"TheCelotajs" –

Latvia Jewish Holocaust

Jungfernhof Concentration Camp - Remnants
Lat: N56.89250, Lon: E024.19807
Now long gone, the Jungfernhof Concentration Camp was an improvised concentration camp in Latvia, at the village of Jumpravmuiža, near the Škirotava Railway Station about three or four kilometers from Riga. The camp was in operation from December 1941 through March 1942, and served as overflow housing for Jews from Germany and Austria, who had originally been intended for Minsk as a destination.
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Improvised Housing:
The new destination, the Riga Ghetto was also overcrowded and could not accommodate the Jewish people deported from Germany. The first transport train with 1,053 Berlin Jews arrived at the Skirotava Railway Station on 30 November 1941. All persons on board were murdered later the same day in the Rumbula Forest near Riga. The next four transports were, on the orders of SS-Brigadeführer Franz Walter Stahlecker, commander of Einsatzgruppen A, brought to Greater Jungfernhof, an abandoned farming estate on the Daugava River. Originally Jungfernhof was to have been established as an SS business enterprise, and being under the jurisdiction of the SS it could be employed without consulting with the German civil administration “Gebietskommissariat” in Latvia. Under the new plan, Jungfernhof would serve as improvised housing in order to make available labor for the construction of the Salaspils Concentration Camp.
Only the sixth transport, which arrived on 10 December 1941 with Cologne Jews on board, came to the “freed up” Riga ghetto, following the mass executions of numerous Latvian Jews.
The former estate of 200 hectares or approximately “495 aces” in size had on it a warehouse, three large barns, five small barracks and various cattle sheds. The partially falling down and unheatable buildings were unsuitable for the accommodation of several thousand people. There were no watchtowers or enclosing perimeter, rather a mobile patrol of ten to fifteen Latvian auxiliary police “Hilfspolizei” under a German commandant.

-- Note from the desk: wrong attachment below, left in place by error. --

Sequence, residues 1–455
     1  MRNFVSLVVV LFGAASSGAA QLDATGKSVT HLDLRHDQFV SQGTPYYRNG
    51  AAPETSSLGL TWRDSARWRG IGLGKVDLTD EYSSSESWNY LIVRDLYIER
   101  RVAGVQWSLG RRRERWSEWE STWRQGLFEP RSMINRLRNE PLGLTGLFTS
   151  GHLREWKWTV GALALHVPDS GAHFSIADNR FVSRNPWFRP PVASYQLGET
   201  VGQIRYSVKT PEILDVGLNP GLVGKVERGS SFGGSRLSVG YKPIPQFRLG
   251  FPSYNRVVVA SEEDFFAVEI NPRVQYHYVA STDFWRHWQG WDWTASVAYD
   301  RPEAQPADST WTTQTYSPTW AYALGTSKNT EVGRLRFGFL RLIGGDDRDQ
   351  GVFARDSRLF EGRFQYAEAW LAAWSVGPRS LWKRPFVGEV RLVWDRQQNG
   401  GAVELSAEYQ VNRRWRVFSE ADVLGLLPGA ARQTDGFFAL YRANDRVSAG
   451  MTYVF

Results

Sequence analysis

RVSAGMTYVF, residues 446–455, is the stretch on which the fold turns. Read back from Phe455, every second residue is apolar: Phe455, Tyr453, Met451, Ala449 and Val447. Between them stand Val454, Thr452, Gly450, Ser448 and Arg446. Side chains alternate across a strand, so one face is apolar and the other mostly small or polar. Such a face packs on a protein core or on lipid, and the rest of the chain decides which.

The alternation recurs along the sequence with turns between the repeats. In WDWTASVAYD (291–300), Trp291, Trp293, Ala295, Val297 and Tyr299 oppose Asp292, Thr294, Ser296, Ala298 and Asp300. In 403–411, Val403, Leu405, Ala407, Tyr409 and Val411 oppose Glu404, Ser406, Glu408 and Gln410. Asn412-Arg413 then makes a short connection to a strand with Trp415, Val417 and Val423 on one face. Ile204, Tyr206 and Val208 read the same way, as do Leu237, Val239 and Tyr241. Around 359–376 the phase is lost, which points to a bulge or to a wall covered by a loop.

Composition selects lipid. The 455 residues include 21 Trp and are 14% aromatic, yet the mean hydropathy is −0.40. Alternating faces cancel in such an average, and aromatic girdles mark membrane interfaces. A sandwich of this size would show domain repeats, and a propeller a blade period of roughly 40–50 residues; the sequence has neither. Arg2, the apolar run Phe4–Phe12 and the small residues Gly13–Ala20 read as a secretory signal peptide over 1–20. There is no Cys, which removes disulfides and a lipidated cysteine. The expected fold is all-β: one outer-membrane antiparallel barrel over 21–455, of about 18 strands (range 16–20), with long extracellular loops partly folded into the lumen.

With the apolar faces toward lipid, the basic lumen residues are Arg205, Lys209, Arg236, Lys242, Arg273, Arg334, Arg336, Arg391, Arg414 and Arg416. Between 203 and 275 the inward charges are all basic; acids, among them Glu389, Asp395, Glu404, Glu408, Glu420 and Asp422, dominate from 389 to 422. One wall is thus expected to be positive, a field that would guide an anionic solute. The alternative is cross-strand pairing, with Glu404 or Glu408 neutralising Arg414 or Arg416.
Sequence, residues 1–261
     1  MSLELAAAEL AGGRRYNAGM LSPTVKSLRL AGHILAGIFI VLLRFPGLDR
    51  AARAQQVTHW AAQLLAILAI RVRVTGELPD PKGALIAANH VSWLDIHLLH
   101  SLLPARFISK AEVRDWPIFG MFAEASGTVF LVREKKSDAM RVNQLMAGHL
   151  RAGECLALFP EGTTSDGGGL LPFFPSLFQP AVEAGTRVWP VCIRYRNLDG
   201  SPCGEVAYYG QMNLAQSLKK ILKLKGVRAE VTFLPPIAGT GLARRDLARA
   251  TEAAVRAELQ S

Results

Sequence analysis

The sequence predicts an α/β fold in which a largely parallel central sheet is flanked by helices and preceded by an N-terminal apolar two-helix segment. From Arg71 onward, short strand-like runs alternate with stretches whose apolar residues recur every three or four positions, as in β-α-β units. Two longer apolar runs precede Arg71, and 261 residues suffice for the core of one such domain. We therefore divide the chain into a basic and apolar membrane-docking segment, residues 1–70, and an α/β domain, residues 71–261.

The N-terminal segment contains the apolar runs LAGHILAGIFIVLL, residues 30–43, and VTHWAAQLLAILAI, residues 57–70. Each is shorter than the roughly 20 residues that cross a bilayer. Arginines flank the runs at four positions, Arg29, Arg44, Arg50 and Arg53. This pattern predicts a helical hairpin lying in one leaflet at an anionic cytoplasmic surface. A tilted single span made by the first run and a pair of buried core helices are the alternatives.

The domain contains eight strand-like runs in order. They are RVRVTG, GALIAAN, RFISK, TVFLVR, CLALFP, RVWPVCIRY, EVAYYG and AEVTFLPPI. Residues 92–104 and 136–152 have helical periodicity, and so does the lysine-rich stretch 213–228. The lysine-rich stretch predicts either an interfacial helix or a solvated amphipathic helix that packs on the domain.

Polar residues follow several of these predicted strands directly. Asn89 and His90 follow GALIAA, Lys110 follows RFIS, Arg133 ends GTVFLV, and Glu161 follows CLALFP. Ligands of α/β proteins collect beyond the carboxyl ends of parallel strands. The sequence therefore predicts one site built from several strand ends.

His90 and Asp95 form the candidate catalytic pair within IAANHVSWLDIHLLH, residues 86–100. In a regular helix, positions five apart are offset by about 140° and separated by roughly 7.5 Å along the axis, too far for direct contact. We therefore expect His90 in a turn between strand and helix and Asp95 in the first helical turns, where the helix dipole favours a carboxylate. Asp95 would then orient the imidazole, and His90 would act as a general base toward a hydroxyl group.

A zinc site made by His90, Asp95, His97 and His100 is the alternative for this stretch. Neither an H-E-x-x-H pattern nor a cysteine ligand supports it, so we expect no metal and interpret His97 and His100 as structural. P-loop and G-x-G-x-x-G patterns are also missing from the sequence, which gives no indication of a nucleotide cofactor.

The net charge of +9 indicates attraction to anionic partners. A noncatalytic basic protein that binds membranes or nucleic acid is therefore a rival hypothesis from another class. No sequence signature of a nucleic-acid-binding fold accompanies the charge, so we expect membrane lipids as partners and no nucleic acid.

In December 1941 a total of 3,984 people were brought in four separate trains to Jungfernhof, including 136 children under ten years old, and 766 elders. On 1 December 1941, 1,013 Jews from Württemberg were entrained and sent to the camp. A further 964 were deported on 6 December 1941 from Hamburg, Lübeck leaving only 90 Jews resident in the city, and others from throughout Schleswig-Holstein. Further transports came from Nuremberg with 1,008 persons and Vienna with 1,001.
History of the prisoners:
About 800 of the prisoners died in the winter of 1941 to 1942 of hunger, cold, typhus.
In March 1942 the camp was dissolved. As part of the Dünamünde Action under the false representation that they would be taken to an actually nonexistent camp in Dünamunde, where there would be better conditions and work assignments in a canning plant, between 1600 and 1700 inmates were taken to Bi?ernieki Forest. There they were executed on 26 March 1942 and interred in mass graves, as previously Jews from the Riga Ghetto had been. 450 inmates were held back and formed into a work commando. They were intended to be used to disguise the camp remnants as a farm. This work commando existed for one year. The survivors were then sent to the Riga Ghetto, which existed until November 1943.
Of the approximately 4,000 people transported to Jungfernhof Concentration Camp, only 148 persons survived.
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Revised: 24 May 2012 – 12:50:15